What is Practicing Mindfulness?

The causes of stress are aplenty, both external and internal. While we need some form of positive stress to perform better, too much of them can be detrimental to our health. 

Wellness and mental health are just some of the things that are important for us to keep track.

Simple exercises, done daily, could help our days stay better. 

The practice of mindfulness is a form of meditation. Mindfulness is the ability to pay attention to the present - of ourselves and our surroundings. It is to bring awareness to your state of mind. What mindfulness practicing does for you is keeping your brain healthy.


Setting intentions for the day

The first thing you do when you wake up should not be to check your socials or emails. Instead, take that few minutes to lock in your purpose(s) for the day. Like saying, “Today, I will do my best to complete my goals. Have some fun. Be calm in today’s challenges.”

Yes, they are really the simple statements. Yet, by setting purposeful intentions, your brain will filter the information relevant to them. This is the logic behind the power of words. It helps you stay focused and accountable to your own words. The drive for you to start off your day with more conviction. 

Check in with yourself throughout the day, this is important. Revisit back your intentions. Did you meet your intentions set? If not, what could have been done better?

You’ll find yourself more conscious of your intentions as you go along. 


Think of the time you ate your favourite food and holy, it was done extremely well. The joy.

Food makes people happy. It’s the flavours of your food you are satisfied with that makes it a pleasurable experience.

Be mindful of working and eating

The problem comes when we get busy. Some would eat while they are still working in front of their computers. Some would have a phone in one hand and eat with the other - watching a Netflix show, checking on their work, etc. 

At some point in time, we are all guilty of getting distracted while eating. We do get full from the food but at times, we end up not finishing them because somehow, we  ‘didn’t feel like it’. 

Mindful eating is the simple act of knowing how hungry you are and really choosing the what, when and how much to eat. It is about making a decisive choice and enjoying every single bite. Not to mention, we can all reduce the number of food waste from practicing mindful eating.


Mindful pauses here can mean being aware that you need to take a short breather when you feel overwhelmed. Gain back your composure with a simple breathing technique, then you begin again. 

  1. Close your eyes.
  2. Take a couple of deep breaths. (And we mean long inhales and exhales. Get that oxygen in.)
  3. Listen to your breathing.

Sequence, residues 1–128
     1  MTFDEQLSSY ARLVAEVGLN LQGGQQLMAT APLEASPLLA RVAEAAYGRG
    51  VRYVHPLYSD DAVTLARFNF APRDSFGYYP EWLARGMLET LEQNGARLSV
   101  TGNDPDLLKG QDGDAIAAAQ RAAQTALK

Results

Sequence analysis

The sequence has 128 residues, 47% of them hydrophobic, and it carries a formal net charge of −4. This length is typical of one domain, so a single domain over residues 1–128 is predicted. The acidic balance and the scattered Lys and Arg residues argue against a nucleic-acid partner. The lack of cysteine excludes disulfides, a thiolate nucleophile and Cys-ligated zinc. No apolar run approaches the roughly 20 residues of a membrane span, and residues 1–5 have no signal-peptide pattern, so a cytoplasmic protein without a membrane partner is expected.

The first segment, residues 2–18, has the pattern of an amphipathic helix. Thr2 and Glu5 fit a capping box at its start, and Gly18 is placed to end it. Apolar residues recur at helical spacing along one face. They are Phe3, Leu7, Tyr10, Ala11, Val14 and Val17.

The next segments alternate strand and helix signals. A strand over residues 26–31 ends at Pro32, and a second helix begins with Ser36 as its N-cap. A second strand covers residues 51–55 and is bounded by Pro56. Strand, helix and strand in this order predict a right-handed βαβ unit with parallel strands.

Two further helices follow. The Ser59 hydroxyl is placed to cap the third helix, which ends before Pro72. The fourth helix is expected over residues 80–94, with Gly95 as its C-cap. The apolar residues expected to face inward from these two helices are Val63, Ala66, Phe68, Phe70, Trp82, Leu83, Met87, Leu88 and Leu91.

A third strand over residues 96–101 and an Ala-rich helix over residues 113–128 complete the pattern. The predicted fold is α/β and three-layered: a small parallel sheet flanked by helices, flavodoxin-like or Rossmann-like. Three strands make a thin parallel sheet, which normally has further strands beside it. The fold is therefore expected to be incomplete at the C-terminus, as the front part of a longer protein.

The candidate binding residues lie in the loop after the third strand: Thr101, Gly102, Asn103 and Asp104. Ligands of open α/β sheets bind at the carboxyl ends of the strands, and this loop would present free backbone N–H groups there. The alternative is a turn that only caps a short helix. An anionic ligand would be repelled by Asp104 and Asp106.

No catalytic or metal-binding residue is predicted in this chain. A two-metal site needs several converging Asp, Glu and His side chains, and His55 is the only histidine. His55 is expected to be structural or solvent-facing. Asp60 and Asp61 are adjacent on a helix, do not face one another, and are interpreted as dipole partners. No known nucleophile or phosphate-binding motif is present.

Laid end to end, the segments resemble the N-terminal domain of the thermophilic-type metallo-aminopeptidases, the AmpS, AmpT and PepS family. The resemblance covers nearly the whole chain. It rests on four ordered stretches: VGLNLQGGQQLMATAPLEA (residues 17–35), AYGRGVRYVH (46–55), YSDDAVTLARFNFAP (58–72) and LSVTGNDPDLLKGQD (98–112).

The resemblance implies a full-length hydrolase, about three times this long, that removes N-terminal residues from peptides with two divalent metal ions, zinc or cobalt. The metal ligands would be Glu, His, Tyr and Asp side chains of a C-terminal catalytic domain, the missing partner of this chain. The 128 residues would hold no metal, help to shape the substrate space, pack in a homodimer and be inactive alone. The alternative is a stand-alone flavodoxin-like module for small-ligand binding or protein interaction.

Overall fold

Reassessing the situation in a calmer mind always helps. 

We often fall into a routine, almost on autopilot. Knowing what to do next and what to expect is both a good and a bad thing.

Depending on the nature of our jobs, some of us might have a very routined life. Going through the same pattern can get mundane over time. 

Get out of a mundane routine lifestyle

So the second meaning for pressing pause is to bring you back from wandering and being in the present. Subconsciously create new patterns. Try a new route going to work. Do 30 squats after you finish a task. Prepare different lunches.

Dullness is unavoidable because your brain is designed to programme and adapt. But it does not mean it should stay that way. 

Mindfulness is observing yourself and alerting when boredom is looming. With new patterns, you can realise new habits as well - a sign that your brain has been reprogrammed.


Need we say more about the benefits of exercising? Besides lowering the risk of developing heart diseases, exercising will help you to maintain a good mental health. 

Mind and body works hand in hand and so their benefits interchange very often. Switch around your choice of physical activity. Try a new sport, play team sports or run at different places. 

Pay attention to what you are doing and know how it makes you feel.


The benefits of practicing mindfulness, backed by many studies, results in much positivity and improvements towards both the mind and body of a person, which explains its immense popularity over the years. 

These practices are not difficult but rather, it’s the willingness to try. 

With a goal of restructuring one’s mind, consistent mindfulness practices would perhaps help us to better balance our mental, emotional and physical states. Try some of these easy exercises on a daily basis and see how mindfulness could work out for you.

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